J enson Button spoke of his greatest Triumph. The 30-year-old Englishman has increased his winning account to nine. And he's the first to win twice this year. Again it was a smart victory and a lot of feeling on the accelerator. Button made the right decisions at the right time. He didn't want to talk about luck: 'We just did everything right today. And we were the fastest cars on the track in the rain.'
Button had the right strategy
The new McLaren star was in constant contact with his race engineer Jakob Andreasson in the 56 lap water battle. 'We always chatted when I was on the long back straight. There's time for that.' The radio was also busy in the first two laps. It was about whether you should continue to ride on slicks or switch to intermediates. Some teams believed they saw Meteo France's radar screens that the rain was increasing. 'My engineer said: do what you want. My inspiration told me: stay out on slicks.' Once again, Button had the right instinct for a delicate situation. With the exception of Rosberg, Petrov, Kubica and de la Rosa, the whole field switched to intermediates. And regretted the decision three laps later. 'The intermediates were starting to get bad,' reported Lewis Hamilton.
Button remains a realist despite the win
Two unnecessary pit stops threw all favorites with the exception of Button and Rosberg by more than 20 seconds back. It wasn't until lap 20 that the rain started to increase. The eventual winner considered again, again he hit the mark. 'I actually wanted to stay on slicks, but this time my engineer convinced me.' Then the second quality of the defending champion came into play. Button carried the intermediates around the course for 18 laps before pitting for only his second stop on lap 38. Fernando Alonso came in four times for service plus drive-through penalty. Team-mate Lewis Hamilton also picked up fresh tires four times. In the end, Button benefited from the fact that his pursuer Hamilton lost his grip on his race to catch up: 'The tires suffered. In the end, I no longer had the reserves to attack Jenson.'
McLaren had his cars in practice trimmed for a lot of downforce. The engineers were already speculating with a rain race and sacrificed top speed, which might also be the starting positions five andsix explained. 'We made mistakes,' insisted Whitmarsh, 'otherwise we would have been further ahead.' Hamilton was at war with Turn 11, and Button did not feel 100% comfortable with a vehicle set-up that he had changed shortly before qualifying. 'I had to do something. In the free practice sessions the rear tires kept overheating.' The problem sounds familiar to us. Maybe Michael Schumacher should have got advice from Button.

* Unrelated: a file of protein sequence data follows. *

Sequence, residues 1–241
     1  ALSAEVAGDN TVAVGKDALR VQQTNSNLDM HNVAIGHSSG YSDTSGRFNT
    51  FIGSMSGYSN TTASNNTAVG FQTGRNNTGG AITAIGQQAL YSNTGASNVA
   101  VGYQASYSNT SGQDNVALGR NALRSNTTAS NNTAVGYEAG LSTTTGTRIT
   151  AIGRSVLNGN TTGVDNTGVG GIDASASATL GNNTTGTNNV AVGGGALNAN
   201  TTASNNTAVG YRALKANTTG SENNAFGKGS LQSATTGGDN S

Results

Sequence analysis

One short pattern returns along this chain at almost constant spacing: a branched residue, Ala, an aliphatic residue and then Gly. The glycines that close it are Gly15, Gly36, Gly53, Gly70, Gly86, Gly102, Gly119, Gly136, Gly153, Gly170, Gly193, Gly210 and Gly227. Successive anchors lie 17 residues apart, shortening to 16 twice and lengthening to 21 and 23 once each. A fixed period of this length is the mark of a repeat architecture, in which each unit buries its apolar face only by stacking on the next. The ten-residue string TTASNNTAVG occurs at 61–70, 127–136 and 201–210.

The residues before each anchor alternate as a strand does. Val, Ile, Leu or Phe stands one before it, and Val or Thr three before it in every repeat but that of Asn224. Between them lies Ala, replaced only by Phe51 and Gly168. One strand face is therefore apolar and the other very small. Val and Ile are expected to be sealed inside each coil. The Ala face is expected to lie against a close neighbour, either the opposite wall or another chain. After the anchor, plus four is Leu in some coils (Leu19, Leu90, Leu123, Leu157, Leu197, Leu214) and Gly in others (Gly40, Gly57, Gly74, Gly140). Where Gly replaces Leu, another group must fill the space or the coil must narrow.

Despite the victory, Button remains a realist: 'We have to improve in training. And we still don't know exactly how strong we really are in a complete dry race. ' He couldn't help but give a little swipe at Red Bull: 'You are extremely fast, at the moment maybe a bit too fast for us. But we lead the championship table and that counts. The points in the first four races were for doubly important to us because Red Bull is currently superior to us. '
Button and Hamilton are like fire and flames
Lewis Hamilton would certainly have imagined the start of the season differently. It is not he who wields the scepter in the team, but his underrated teammate. The two are like fire and water. Here the bon vivant, there the ambitious perfectionist Hamilton. Here the level-headed tire whisperer, there the fighter and overtaker before the master. The other plans of the McLaren Boys characterize the two so unequal Britons. Both were unimpressed by the flight chaos in Europe. 'I'm going to South Africa on a PR tour,' said Hamilton. 'And I'm on vacation in Thailand for a week,' grinned Button. 'You can definitely fly in Europe again until it's ready.'